Pyramid of the Sun
Release Date: Nov 09, 10
Listening to the new album Pyramid of the Sun by the all-instrumental trio Maserati left me pondering the role of recordings that don’t feature singers. In many cases instrumental music provides a showcase for a featured player such as jazz artists like Charlie Parker and John Coltrane or rock guitar virtuosos like Joe Satriani or Jeff Beck. While the whole band plays an important role on these albums the listener is mainly focused on hearing the star performer’s work.
Then there are instrumental scores for other media like movies, television shows or video games. Here the music plays a very different role helping to set or enhance the mood of specific scenes.
Then there’s Maserati which fits neither category. Formed in Athens, Georgia, home of 90’s pop-alt superstars REM, the band has released a number of albums and EP’s since their 2001 debut 37:29:24 with nary a singer every gracing the studio.
The band’s current lineup features Coley Dennis and Matt Cherry on guitar with drummer Chris McNeal who came on board when Jerry Fuchs died unexpectedly. Reports are that Fuchs, also known for his work with Turing Machine and live performances with LCD Soundsystem, died trying to jump out of a broken elevator when a piece of his clothing got snagged and he fell down the empty shaft.
Having started the album prior to the accident, the band took longer than expected to finish the release being careful to properly preserve Fuch’s final work. I’m confident Fuch’s would be proud. The group did an excellent job filling Pyramid of the Sun with a number of powerful, energetic songs that in their best moments pay homage to great 70’s psychedelic-rock acts like Pink Floyd and Rush as well as prog-rock acts like Emerson Lake and Palmer and Hawkwind.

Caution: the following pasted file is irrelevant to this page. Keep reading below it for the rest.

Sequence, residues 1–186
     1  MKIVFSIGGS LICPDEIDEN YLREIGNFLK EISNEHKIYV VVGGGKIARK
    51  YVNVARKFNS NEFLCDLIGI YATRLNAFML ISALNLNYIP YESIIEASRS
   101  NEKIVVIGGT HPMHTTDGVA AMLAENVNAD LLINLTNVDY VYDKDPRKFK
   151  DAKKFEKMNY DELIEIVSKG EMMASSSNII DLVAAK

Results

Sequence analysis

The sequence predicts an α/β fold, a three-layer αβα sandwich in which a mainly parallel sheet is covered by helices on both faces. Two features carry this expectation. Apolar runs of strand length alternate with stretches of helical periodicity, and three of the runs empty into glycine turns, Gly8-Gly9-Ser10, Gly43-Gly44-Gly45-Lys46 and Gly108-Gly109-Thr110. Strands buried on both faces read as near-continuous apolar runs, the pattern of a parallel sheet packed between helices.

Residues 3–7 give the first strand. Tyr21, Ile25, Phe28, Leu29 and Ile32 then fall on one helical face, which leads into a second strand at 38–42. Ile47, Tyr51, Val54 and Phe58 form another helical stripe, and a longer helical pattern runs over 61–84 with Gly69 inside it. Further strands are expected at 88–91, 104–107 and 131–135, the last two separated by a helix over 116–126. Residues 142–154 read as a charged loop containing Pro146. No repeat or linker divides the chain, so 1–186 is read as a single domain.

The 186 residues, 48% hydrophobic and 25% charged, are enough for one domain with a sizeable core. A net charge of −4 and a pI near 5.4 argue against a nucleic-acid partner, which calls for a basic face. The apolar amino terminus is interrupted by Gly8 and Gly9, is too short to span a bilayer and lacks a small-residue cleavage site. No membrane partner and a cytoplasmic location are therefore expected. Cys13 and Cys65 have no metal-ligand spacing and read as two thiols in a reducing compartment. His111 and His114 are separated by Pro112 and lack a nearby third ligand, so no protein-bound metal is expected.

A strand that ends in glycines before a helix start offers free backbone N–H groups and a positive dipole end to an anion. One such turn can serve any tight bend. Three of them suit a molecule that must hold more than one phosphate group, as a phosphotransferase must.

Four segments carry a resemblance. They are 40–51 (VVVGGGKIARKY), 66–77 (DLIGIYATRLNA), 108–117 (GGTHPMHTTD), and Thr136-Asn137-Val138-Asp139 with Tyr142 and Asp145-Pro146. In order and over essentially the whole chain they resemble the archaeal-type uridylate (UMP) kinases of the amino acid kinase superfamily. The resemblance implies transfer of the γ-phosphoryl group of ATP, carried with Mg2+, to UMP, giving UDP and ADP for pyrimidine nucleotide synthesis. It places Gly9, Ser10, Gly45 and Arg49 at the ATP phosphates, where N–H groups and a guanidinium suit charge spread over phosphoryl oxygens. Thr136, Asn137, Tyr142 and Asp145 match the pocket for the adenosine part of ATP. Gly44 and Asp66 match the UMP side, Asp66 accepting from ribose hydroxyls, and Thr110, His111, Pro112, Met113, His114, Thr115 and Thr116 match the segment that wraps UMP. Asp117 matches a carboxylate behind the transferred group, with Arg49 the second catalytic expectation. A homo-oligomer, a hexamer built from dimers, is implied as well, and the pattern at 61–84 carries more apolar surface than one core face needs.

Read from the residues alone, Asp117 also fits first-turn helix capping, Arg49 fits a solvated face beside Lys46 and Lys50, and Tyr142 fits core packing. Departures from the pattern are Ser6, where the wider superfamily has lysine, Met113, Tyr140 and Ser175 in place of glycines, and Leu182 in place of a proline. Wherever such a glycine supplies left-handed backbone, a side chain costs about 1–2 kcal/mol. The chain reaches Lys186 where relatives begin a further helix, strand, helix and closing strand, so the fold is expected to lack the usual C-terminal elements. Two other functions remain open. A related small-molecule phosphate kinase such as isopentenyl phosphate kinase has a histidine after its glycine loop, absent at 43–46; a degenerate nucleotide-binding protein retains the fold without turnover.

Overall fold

Unfortunately with no Roger Waters or Robert Plant providing a counterpoint to their David Gilmour or Jimmy Page the overall effect of the release is muted. The band doesn’t have a featured instrumentalist and the music isn’t used to set or enhance a scene like a score. That allows the music to fade into the background if the listener doesn’t stay consciously focused on listening; a task that is much harder to achieve sans lyrics and soloists.
On a track-by-track basis Pyramid of the Sun has some great moments including “Ruins” which is definitely the most powerful effort on the album. On the other hand some tracks like “They’ll Suffer No More from Thirst” rely too heavily on synthesizers and come dangerously close to being reminiscent of Jan Hammer’s theme music from Miami Vice.
In the future I can see several options that could raise the group’s work up to a new level of accessibility. An album featuring a variety of guest singers like Apocalyptica has done or a multi-media project that adds complimentary visuals to their powerful music would be fascinating. They could also consider moving into scoring projects. Their music would be absolutely amazing tied in with a movie or video game to provide the context they are currently lacking.
Until then, while I highly respect the talent found in Maserati I’m afraid their music is caught in a sort of netherworld between what makes for great rock songs and what makes for great instrumental recordings.